Weapons system officer Mike Wells described his first experience of uncovering a Russian submarine: “Coming straight off training, it was one of my first flights for the 120 Poseidon squadron where I saw my first Russian submarine.

“It is all we have trained for years to do and I had a weird mix of emotions of happiness, nervousness and some adrenaline.

“The last thing you want to do is lose it, you have to stay calm and rely on your training to do your job.”

Role of Typhoons at RAF Lossiemouth

RAF Lossiemouth is home to the Quick Reaction Alert service.

The QRA operation involves RAF personnel being alert and ready to respond 24/7 to unidentified aircraft or potential intruders.

The crews are the UK’s first line of defence if an enemy was to choose to launch an attack on the country.

Annually, crews get deployed to help on air policing missions to defend Nato airspace around areas such as the Baltic region and Romania.

Since Putin’s army invaded Ukraine on February 24, Typhoons have been involved in Nato Enhanced Vigilance Activity to defend Europe and the Atlantic region against further aggression.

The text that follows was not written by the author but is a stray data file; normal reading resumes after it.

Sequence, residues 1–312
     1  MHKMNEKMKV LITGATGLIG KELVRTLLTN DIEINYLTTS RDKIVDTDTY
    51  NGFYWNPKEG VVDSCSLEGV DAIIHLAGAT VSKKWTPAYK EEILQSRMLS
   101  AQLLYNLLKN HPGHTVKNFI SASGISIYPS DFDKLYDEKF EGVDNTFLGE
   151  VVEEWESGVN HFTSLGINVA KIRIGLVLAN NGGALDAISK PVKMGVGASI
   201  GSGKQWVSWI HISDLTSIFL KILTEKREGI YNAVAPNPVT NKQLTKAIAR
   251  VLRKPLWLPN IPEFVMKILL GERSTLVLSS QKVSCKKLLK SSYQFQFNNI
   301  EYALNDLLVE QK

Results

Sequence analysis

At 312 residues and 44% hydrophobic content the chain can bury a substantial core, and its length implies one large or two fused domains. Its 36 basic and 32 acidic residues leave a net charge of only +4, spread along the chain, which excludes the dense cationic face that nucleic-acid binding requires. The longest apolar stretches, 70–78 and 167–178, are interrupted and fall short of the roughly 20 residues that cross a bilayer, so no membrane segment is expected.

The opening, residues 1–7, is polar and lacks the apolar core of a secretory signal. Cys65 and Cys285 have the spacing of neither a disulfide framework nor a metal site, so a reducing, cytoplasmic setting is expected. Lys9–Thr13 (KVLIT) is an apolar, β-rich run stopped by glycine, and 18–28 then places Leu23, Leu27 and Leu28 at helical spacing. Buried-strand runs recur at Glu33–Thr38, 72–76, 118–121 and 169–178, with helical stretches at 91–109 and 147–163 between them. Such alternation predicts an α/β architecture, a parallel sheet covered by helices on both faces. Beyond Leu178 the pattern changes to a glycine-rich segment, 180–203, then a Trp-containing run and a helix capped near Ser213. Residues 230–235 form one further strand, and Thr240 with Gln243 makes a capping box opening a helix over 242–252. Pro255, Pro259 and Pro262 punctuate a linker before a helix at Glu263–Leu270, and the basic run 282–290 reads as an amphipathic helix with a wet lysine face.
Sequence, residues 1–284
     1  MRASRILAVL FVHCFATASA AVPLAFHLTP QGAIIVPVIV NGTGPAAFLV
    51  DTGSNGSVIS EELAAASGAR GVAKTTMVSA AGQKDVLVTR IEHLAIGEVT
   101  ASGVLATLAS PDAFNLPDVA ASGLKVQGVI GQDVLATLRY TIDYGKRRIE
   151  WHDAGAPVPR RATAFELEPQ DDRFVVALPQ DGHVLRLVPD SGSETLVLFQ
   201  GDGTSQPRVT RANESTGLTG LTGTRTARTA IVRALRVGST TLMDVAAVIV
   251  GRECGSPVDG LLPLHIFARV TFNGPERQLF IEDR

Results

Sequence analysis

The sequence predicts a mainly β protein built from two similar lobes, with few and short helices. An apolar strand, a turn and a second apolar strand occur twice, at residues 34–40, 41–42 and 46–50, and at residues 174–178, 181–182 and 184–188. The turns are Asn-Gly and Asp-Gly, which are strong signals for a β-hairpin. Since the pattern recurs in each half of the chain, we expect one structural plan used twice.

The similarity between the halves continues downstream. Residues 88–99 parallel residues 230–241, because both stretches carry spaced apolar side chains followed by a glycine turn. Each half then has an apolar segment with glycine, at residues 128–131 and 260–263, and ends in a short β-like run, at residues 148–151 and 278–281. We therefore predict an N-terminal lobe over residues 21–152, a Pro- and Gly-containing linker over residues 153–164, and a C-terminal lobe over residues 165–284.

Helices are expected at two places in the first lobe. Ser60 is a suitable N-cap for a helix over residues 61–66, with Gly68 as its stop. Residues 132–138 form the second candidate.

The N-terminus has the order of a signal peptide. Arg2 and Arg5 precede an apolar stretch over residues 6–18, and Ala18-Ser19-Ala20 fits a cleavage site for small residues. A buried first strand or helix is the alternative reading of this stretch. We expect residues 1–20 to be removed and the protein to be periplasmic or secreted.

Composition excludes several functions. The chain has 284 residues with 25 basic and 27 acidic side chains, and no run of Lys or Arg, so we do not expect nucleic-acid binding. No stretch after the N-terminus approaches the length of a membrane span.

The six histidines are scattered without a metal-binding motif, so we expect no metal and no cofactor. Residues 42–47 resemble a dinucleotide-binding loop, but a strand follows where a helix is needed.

Officer Commanding 1(F) Sqn Wing Commander John Cockcroft explained: “The base is already very much aligned to NATO and our partners as well.

“We have several assets all ready to defend the United Kingdom 24/7.

We may not be on the ground in the middle of the invasion, but we are fully prepared to defend Nato airspace from Russian aggression.”

John Cockcroft

“Locals might think we are not doing much more, we are now busier as a force and increasing our readiness to deal with any situation that arises.

“Since the Ukraine invasion, we have increased flying sorties from here to defend Nato airspace.

“The bread and butter of QRA helps a lot, as Nato air policing is the same but at a different location.

“We may not be on the ground in the middle of the invasion, but we are fully prepared to defend Nato airspace from Russian aggression.”

RAF Lossiemouth jets in Romania.

What is it like to be a Typhoon pilot?

Pilot Chergs is involved in various missions to defend UK and Nato airspace from intruders.

The 31-year-old hasn’t been called into action yet to interrupt a Russian aircraft.

RAF Typhoons landing and flying at RAF Lossiemouth.

He said: “I only arrived here at RAF Lossiemouth six months ago.

“In training you are only a few failed trips away from missing out on flying a Typhoon.

“The pressure is on it from the start to the finish.

“I thought the training was quite intense and tricky at times.

“When you get to the frontline it seems nice as you’re at the other end.

Flying for the first time there was just a pure excitement and anxiety at the same time.”

Pilot Chergs

“I haven’t experienced a scramble yet, I can imagine it to be quite exhilarating and scary.

“Flying for the first time there was just a pure kind of excitement and anxiety at the same time.

“Once you get used to it, which I’m getting there now, it’s been quite a calm environment.”